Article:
What’s in German Designer Dieter Rams’s Art Collection?

View Slideshow
Dieter Rams with his designs.
Dieter Rams with his designs.
Dieter Rams with his designs.
Dieter Rams, ET 66 (1987).
Photo: Courtesy Braun.
Dieter Rams, P1 (1959).
Photo: Courtesy Museum of Modern Art.
Dieter Rams, T 1000 World Receiver (1963).
Photo: Courtesy Brooklyn Museum.
Dieter Rams, HLD 4 (1970).
Photo: Courtesy Braun.
Dieter Rams, FS 80 (1964).
Photo: Courtesy Braun.
Dieter Rams and Dietrich Lubs, reissue of 1970 Braun Watch sold at MoMA design store.

Legendary German designer and pioneer of minimalist industrial design Dieter Rams‘s modus operandi is: “Less, but better.” Almost 60 years later, his words could not be more relevant.

You’ve probably come in contact with something Rams has designed during his four-decade-long tenure working for Braun, as well as his time spent creating furniture for British company Vitsoe. Among the many products he designed are Braun’s electric razor and blow-dyer, as well as the company’s iconic calculator. For Vitsoe, his modular 606 Universal Shelving System designed in 1960 is still widely popular today and has an infinite number of combinations to fit into any desired space. At last year’s (RED) Auction at Sotheby’s, there were three Rams-designed pieces up for grabs: a two-seat sofa, a signed 606 shelving system, and a vintage stereo system that sold for $100,000—way past its $10–15,000 estimate.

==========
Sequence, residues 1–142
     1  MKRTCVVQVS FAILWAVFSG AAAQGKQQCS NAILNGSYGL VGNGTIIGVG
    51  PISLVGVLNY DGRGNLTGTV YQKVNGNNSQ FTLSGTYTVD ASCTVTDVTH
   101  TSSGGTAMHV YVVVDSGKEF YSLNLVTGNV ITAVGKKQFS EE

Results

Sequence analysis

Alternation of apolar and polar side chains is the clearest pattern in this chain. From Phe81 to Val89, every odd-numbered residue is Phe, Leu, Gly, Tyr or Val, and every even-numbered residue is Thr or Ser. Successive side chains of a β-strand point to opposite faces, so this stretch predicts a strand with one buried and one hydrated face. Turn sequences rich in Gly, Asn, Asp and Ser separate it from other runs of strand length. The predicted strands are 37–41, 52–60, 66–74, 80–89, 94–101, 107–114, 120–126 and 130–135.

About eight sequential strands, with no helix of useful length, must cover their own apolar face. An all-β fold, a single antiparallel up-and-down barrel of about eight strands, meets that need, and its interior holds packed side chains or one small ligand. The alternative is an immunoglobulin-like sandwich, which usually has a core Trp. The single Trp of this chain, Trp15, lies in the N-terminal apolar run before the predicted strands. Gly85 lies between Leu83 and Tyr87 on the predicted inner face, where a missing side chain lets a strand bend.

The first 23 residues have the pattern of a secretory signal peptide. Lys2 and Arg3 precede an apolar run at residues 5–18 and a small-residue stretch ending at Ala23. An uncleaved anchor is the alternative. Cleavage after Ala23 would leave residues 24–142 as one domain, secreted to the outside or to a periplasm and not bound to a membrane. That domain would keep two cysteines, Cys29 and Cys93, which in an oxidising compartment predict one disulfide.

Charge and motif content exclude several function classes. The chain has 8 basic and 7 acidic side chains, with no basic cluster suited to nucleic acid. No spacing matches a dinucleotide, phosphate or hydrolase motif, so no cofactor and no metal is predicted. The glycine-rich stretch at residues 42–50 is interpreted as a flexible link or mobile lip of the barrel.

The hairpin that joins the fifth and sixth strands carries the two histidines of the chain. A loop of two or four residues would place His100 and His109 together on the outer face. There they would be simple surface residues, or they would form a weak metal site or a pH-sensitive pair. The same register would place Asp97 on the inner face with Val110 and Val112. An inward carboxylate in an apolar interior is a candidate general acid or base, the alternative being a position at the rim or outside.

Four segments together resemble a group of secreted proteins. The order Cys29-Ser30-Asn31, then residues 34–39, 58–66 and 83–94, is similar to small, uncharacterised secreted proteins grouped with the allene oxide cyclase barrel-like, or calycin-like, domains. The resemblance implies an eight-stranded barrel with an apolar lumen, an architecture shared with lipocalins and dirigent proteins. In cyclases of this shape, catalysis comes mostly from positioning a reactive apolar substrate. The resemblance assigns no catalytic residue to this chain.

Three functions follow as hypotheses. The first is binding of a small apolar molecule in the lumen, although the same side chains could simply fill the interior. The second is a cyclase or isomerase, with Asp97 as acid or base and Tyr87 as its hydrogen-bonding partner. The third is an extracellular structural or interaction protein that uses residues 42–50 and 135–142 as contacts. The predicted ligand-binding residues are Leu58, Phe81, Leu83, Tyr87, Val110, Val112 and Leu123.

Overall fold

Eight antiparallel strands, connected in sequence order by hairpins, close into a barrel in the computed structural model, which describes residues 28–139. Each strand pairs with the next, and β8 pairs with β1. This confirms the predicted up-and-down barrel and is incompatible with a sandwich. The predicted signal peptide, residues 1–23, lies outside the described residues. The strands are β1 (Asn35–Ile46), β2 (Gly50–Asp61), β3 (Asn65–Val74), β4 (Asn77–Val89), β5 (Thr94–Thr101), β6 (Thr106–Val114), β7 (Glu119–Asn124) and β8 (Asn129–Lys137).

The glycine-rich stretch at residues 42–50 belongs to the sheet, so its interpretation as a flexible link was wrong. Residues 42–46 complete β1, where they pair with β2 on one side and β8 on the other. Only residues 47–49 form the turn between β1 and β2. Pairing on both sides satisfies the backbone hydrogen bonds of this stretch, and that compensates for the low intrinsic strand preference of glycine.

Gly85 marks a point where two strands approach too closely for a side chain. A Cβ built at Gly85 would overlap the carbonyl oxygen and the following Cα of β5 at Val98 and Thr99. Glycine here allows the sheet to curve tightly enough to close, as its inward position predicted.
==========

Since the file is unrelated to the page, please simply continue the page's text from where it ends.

For those who want to live the complete Dieter Rams lifestyle, T Magazine recently asked the the 82-year-old designer what makes him tick and what’s in his art collection. Rams’s hobby is collecting Bonsai trees, of which he has a wide array in his Japanese-style garden at home. The first musician he listen to on his TP1 portable radio was Miles Davis. The Museum of Modern Art owns 24 Rams-designed products. He has designed and co-designed 514 product in total for Braun. His Braun T3 pocket radio, designed in 1958, is strikingly similar to the original Apple iPod designed in 2001. And the only thing he likes in abundance is “Oysters in Grand Central Station.”

But what art does the designer collect? The paintings of German artist C.O. Paeffgen and the sculptures of Dutch minimalist artist Jan Schoonhoven—unsurprisingly, very fitting to his aesthetic.

Although many of his designs are out of most admirers’ price range, Dieter Rams’s mega-fans and design buffs can still live by his principles, or “10 commandments” for good design:

1. Good design is innovative.

2. Good design makes a product useful.

3. Good design is aesthetic.

4. Good design makes a product understandable.

5. Good design is unobtrusive.

6. Good design is honest.

7. Good design is long-lasting.

8. Good design is thorough down to the last detail.

9. Good design is environmentally friendly.

10. Good design is as little design as possible.

Follow Artnet News on Facebook:

Want to stay ahead of the art world? Subscribe to our newsletter to get the breaking news, eye-opening interviews, and incisive critical takes that drive the conversation forward.